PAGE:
Extravision Vortex Hunter's Diary competition

Hunter’s Diary: The early dog

Ally Glasby tells how she laid the perfect ambush to claim her first wild dog.

After camping, hunting, shooting clays, barbequing and the celebrations of New Year’s Eve with friends and family, we enjoyed an uneventful, quiet New Year’s Day, soaking up the hot summer sun. We decided to stay an extra couple of nights to squeeze in a little more hunting after an unsuccessful few days leading up to New Year’s. This decision proved to be the right one.

I left my two-year-old son with my husband and ventured out to do a solo stalk onto a pig carcass where we had trail cameras set up. The cameras had shown excessive numbers of wild dogs.

At about 3pm, camo’d up and hiking boots on, I ventured out to sit in the sun, watching and waiting with the company of about 200 flies. According to the images from the past week on the trail cameras, the dogs weren’t due to come in until at least 5pm. Having arrived at 3pm, I had plenty of time to get into position and wait. The wind was blowing perfectly in my face and to my surprise a magpie at about 400 metres broke the silence of the bush at about 3.30pm.

My eyes zeroed in to see it swooping a wild dog that was trotting along an old bush track and heading straight towards the pig carcass and I.

With my heart beating through my chest and uneasy hands holding the rifle I tried to stay as still as I could, waiting for the dog to close the distance. Looking from scope to open sight and back to scope again I watched it come trotting playfully along the track, tail wagging. Although it only took minutes, it felt like a lifetime before the dog arrived at the pig and started to eat.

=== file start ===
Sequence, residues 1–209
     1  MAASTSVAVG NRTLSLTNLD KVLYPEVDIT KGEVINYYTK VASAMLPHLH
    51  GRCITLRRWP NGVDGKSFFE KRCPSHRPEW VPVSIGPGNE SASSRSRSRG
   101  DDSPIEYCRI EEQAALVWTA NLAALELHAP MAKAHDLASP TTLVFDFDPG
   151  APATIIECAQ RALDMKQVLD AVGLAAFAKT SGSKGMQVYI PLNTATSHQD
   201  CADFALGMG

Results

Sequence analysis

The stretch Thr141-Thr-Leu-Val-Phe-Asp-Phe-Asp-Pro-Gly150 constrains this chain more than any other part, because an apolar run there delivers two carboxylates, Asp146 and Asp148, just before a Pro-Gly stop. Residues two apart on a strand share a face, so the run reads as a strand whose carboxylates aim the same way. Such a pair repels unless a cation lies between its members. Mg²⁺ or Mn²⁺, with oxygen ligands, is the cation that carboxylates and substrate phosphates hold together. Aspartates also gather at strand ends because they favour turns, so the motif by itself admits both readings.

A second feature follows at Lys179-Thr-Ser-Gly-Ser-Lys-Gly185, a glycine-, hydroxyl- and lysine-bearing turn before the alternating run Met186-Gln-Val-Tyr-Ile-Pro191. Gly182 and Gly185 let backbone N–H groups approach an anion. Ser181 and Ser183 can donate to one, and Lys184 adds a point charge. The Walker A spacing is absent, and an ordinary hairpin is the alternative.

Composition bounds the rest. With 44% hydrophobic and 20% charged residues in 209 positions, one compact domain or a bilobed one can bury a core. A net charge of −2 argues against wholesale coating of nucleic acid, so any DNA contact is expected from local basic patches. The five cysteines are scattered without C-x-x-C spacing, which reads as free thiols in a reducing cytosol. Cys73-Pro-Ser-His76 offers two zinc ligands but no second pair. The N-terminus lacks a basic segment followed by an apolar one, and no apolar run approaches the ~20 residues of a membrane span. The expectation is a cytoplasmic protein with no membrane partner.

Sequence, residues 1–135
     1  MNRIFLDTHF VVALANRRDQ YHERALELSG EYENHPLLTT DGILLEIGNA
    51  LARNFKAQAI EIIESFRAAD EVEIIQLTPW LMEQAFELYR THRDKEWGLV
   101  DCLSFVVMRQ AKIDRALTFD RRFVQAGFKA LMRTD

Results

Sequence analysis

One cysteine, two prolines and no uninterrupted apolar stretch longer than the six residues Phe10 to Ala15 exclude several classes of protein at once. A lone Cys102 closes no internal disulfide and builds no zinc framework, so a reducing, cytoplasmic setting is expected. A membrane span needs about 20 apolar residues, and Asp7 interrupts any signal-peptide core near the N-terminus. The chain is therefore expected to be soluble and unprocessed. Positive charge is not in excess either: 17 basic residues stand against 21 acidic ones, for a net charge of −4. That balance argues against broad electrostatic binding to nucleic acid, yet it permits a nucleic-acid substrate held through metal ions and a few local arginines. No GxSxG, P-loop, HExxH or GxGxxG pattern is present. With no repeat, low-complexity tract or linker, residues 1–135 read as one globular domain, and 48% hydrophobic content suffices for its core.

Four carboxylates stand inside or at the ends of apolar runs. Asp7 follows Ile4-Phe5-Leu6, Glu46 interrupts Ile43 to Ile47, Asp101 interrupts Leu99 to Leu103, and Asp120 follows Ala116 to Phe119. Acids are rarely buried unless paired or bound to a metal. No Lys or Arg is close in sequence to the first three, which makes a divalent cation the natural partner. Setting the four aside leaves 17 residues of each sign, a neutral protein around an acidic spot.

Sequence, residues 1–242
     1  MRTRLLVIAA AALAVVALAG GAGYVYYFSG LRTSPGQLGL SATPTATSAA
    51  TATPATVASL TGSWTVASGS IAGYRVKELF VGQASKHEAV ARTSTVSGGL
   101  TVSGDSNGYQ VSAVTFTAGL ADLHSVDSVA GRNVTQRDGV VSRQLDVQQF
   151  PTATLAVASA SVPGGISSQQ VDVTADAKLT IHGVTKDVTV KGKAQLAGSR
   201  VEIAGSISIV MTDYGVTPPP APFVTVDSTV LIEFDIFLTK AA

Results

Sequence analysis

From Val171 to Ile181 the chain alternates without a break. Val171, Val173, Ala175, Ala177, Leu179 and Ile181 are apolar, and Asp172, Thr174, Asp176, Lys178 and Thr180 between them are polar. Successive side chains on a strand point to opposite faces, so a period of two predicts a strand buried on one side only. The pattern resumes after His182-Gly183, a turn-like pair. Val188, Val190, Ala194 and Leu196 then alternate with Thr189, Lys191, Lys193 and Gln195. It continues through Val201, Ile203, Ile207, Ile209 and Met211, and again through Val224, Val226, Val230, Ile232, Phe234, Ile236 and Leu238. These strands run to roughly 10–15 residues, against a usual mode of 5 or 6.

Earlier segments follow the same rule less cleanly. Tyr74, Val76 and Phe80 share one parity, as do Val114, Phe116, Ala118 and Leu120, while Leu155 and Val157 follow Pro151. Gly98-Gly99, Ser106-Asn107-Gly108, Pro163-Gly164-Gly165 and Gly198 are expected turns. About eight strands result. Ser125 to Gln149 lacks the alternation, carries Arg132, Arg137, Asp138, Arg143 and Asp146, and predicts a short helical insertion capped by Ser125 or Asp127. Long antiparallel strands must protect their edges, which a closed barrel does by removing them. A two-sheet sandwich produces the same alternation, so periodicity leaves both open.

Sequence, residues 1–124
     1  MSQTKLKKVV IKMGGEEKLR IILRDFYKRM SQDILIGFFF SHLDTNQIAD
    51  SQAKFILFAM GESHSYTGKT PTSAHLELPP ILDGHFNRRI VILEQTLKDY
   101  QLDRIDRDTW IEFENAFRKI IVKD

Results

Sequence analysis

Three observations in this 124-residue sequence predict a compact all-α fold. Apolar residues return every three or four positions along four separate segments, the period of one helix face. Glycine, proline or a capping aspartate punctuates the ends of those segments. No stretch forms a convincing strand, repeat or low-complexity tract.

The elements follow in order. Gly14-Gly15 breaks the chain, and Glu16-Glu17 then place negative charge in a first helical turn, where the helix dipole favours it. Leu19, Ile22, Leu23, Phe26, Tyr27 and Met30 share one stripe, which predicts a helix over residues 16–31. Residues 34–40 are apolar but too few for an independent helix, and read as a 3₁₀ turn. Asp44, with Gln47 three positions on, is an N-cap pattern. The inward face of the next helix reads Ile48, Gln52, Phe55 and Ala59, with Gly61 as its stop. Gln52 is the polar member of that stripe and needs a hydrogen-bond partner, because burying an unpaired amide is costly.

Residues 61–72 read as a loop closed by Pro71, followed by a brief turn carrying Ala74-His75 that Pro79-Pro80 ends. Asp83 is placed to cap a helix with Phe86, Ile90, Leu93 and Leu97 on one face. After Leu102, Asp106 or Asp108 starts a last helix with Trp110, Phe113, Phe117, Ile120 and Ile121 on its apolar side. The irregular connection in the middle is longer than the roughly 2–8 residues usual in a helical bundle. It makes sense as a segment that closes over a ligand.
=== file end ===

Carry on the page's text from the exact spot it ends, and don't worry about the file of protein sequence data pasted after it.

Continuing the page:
After being caught completely off guard with the dog coming in so quickly, I slowly moved to a position that was comfortable to shoot, using my knee as a rest for my shaking rifle. I waited for a perfect broadside shot, as I was only shooting with a .22 from about 40 metres out. I squeezed the trigger at the end of a long and nervous exhale.

The dog yelped, flipped and fell about two metres from where he’d stood only two seconds prior. He lay there, expired. To my shock I had finally done it — I had finally shot my first wild dog.

Growing up in a family that hunted and trapped, it was never me that got to pull the trigger. Having always seen plenty of dogs and other varmints hit the deck, this was one species I had never had the chance to shoot for myself, until now.

The adrenaline, excitement and feeling of accomplishment hit me hard. I had finally proved myself as an amateur hunter.

Ally’s story put her in the running to win hunting gear in our Hunter’s Diary competition. Find out how you could win here.




Like it? Share with your friends!

What's Your Reaction?

super super
fail fail
fun fun
bad bad
hate hate
lol lol
love love
omg omg